I struggled, considered biting, but my mother was in the next room talking to his mother and I felt embarrassed, not wanting her to know what “I” was doing, as if I was responsible, so I went still and just counted the moments until it was over.
I went on to see that boy the next day, and every school day after that for five years. He was not the last one to sexually abuse me. Some of the ones that came after him made his first act look like a kind gesture.
Sadly, even when I was in long-term relationships, I often felt conflicted when I had sex, finding pleasure in something that had been associated with so much pain and dissociation. I had to work with a counselor to process a lot of trauma before I could be able to be truly intimate.
Later I sought out additional resources to help me get comfortable enough bridging the gap between “I’m comfortable being intimate” and “this is what I like and how I like it.”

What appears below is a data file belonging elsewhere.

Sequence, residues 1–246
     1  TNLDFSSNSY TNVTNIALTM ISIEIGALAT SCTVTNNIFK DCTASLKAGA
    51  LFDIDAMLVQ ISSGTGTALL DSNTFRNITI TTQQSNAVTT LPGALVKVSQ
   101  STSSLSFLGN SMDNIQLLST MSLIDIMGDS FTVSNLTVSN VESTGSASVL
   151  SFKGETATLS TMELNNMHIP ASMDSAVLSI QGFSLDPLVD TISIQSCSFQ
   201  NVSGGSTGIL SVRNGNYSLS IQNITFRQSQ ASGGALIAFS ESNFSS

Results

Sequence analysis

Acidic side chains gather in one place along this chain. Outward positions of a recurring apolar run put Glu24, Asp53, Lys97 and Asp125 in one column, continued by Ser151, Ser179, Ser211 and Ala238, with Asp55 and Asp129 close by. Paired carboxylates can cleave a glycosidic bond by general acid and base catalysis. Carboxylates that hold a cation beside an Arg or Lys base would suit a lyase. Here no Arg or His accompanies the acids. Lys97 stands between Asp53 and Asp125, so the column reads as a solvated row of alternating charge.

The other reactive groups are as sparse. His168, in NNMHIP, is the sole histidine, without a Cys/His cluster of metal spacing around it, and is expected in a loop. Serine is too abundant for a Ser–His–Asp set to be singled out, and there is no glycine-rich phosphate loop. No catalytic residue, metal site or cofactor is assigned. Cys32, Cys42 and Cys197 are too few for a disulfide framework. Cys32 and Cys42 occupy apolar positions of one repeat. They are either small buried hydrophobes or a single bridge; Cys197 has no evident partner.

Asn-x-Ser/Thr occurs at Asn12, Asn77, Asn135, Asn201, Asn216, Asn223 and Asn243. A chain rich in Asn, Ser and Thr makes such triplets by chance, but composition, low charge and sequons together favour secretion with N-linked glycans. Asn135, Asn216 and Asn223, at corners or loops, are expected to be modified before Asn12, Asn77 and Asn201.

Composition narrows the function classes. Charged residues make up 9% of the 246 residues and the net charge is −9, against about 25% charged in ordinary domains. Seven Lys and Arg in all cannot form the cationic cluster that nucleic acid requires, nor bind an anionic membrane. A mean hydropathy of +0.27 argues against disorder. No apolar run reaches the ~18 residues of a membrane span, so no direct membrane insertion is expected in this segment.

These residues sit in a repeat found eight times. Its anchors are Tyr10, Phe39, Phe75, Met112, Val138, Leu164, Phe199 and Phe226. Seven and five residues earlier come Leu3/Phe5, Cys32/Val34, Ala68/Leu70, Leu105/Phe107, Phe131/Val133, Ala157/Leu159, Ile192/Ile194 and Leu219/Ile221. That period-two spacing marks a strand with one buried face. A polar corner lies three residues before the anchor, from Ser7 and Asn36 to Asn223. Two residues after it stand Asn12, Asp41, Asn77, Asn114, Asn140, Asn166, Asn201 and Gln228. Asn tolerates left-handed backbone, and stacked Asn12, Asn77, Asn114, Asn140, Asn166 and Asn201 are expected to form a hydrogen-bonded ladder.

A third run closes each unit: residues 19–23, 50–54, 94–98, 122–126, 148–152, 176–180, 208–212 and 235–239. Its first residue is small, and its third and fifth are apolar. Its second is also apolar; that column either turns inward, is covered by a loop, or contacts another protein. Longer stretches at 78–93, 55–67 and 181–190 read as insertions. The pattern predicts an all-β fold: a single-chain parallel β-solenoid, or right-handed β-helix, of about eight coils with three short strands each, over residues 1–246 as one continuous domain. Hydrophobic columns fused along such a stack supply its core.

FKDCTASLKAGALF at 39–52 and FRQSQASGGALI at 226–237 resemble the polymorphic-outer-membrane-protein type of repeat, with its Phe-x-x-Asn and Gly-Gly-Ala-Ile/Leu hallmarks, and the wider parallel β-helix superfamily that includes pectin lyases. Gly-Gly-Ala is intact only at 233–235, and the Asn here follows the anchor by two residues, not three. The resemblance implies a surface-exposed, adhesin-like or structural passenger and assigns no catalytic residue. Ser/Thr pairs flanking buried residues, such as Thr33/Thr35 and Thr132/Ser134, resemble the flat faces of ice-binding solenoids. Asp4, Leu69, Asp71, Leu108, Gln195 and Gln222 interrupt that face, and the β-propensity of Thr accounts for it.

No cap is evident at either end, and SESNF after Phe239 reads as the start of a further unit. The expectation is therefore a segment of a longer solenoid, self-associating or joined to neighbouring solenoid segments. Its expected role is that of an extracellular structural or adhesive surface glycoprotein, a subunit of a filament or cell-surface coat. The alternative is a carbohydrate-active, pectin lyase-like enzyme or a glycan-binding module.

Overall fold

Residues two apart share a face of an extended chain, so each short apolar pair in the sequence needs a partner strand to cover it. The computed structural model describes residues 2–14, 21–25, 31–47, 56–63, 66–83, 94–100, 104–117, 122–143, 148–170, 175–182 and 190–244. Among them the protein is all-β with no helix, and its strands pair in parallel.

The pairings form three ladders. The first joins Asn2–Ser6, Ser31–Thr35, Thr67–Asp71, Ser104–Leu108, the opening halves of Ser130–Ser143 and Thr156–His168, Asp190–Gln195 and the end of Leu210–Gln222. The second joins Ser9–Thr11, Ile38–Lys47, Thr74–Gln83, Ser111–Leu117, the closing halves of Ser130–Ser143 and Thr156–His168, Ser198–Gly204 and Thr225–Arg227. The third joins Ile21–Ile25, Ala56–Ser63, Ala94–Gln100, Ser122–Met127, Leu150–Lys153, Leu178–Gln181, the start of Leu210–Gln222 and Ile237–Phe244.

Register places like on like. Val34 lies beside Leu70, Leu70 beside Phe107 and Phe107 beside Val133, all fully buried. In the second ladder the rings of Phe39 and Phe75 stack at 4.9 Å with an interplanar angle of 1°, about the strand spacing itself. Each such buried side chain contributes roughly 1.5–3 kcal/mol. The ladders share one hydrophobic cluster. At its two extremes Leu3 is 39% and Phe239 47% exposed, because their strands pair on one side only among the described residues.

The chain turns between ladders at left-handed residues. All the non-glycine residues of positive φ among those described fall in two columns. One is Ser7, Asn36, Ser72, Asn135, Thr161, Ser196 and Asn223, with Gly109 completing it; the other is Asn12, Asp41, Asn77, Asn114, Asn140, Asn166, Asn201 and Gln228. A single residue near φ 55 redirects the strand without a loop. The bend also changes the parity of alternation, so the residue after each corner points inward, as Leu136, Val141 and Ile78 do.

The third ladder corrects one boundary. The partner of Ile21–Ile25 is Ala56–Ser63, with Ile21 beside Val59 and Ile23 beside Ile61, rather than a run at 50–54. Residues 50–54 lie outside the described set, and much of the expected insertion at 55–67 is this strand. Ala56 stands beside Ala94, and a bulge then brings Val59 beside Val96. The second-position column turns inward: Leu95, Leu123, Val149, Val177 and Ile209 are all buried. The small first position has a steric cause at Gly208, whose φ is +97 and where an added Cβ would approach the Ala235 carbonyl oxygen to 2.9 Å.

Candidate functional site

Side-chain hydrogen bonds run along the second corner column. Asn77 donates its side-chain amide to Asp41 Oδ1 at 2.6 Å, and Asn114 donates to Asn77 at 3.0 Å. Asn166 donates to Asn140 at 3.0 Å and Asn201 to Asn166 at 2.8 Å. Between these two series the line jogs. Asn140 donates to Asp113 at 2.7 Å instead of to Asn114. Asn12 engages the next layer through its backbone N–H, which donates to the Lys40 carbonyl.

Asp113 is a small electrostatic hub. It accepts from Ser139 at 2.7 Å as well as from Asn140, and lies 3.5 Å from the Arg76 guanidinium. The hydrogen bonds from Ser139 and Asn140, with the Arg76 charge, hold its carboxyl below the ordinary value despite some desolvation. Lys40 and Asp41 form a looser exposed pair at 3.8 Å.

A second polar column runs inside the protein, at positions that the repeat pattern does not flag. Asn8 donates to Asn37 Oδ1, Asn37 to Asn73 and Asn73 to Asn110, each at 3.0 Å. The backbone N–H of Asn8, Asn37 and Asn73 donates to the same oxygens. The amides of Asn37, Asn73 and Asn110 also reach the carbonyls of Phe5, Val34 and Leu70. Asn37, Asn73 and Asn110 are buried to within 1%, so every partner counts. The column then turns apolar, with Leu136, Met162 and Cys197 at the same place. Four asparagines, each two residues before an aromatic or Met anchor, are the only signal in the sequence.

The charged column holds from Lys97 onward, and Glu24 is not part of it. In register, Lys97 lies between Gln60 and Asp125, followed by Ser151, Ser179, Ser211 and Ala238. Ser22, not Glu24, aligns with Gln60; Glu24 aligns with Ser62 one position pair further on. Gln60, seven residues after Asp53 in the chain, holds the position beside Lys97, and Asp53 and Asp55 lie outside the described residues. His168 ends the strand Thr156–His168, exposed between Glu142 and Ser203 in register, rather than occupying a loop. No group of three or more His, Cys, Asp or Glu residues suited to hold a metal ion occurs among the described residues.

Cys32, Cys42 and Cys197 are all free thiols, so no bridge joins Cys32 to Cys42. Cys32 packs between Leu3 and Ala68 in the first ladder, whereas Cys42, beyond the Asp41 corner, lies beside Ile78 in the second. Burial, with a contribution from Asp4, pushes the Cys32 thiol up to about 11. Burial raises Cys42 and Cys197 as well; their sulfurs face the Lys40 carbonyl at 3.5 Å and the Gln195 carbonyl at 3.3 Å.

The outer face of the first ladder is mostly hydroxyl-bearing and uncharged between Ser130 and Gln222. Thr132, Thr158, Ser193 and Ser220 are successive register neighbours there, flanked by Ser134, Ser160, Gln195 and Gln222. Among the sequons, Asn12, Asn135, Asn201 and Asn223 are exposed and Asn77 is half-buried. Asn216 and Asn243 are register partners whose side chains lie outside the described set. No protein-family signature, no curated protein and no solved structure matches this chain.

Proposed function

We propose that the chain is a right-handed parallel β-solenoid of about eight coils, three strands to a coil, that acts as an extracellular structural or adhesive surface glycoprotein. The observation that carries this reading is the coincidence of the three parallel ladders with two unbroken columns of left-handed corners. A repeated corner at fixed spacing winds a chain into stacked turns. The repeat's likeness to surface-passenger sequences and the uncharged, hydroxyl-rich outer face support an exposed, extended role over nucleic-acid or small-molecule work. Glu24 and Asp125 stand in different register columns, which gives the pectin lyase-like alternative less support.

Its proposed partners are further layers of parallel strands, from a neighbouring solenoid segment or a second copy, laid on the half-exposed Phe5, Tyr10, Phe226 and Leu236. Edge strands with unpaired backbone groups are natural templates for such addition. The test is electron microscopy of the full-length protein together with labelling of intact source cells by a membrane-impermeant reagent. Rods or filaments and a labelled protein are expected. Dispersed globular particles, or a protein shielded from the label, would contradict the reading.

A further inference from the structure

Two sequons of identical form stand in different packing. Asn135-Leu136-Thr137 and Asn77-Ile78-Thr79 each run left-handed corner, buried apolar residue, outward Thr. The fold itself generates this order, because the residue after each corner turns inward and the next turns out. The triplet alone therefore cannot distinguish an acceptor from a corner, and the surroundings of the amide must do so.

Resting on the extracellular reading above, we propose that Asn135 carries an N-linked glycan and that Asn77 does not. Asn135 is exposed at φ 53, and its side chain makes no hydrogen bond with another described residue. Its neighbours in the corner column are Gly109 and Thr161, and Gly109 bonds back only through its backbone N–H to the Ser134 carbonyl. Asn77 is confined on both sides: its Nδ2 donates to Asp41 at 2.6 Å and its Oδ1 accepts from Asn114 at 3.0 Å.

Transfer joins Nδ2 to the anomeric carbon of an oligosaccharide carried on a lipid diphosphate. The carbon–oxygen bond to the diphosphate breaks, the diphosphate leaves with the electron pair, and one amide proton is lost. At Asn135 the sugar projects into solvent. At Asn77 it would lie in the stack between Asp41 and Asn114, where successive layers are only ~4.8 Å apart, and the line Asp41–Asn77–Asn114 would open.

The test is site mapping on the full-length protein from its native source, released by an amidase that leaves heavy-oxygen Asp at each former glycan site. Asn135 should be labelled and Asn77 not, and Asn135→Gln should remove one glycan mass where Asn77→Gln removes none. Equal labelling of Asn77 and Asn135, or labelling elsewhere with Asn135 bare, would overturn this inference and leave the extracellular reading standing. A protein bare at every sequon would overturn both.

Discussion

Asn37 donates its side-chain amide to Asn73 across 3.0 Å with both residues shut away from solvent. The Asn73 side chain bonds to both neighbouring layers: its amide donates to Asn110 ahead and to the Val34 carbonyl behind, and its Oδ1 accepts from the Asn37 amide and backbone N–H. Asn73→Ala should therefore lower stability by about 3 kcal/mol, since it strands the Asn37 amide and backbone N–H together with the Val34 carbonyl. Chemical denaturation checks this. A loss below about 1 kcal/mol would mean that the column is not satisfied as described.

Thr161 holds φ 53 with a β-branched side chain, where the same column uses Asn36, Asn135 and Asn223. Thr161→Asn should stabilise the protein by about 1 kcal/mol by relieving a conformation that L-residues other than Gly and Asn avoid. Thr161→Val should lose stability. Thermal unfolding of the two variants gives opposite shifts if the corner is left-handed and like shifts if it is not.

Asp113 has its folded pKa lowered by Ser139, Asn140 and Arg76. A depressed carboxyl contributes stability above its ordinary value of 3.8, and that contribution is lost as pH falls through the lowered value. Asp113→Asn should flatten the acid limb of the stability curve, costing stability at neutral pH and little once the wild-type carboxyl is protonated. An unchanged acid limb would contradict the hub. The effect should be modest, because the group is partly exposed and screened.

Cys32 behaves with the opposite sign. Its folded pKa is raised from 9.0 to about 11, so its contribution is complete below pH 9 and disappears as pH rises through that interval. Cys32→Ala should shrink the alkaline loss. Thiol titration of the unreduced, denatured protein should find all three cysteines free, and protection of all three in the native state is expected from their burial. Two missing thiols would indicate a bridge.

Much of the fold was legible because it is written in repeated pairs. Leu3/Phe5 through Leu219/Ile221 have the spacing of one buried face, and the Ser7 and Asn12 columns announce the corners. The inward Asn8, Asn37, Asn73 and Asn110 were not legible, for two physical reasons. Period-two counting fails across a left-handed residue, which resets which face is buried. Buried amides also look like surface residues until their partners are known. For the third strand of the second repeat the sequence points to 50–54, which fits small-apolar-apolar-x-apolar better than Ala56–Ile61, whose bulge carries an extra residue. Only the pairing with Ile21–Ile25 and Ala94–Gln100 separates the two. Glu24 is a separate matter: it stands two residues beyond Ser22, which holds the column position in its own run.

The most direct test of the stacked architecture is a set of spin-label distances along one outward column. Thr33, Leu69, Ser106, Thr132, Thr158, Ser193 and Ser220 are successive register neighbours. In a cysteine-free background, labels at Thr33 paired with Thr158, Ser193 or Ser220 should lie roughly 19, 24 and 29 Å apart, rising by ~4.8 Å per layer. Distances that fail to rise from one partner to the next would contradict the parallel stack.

When OMGYes launched in December 2015, I jumped at paying for access since it combined science with sex and even helpful tutorials. I was amazed to learn women orgasmed in so many different ways. Some women prefer clitoris orgasms, and they can come by tapping, stroking, or hard and fast rubs. Other women squirt or climax anally or vaginally or both altogether. Other women from just having their nipples touched or sucked, and some even from just exercising.
Today I am lucky to have a sexual partner that I feel able to be vulnerable and openly communicate with. It has led to me having the most intensely satisfying sexual relationship of my adult life, and it came first from learning about and being comfortable within my own body.
The opportunities for sexual pleasure are endless, but our children — especially our female children — get that nipped too early in the bud.
In order to cultivate true gender equality, it must start with accurate sex-education and honest sex-positive conversations.
When my three year old daughter discovers that mound between her legs and starts rubbing it, I’ll tell her the same thing I told my son, and when they’re an age that is appropriate, their sex education will include pleasure.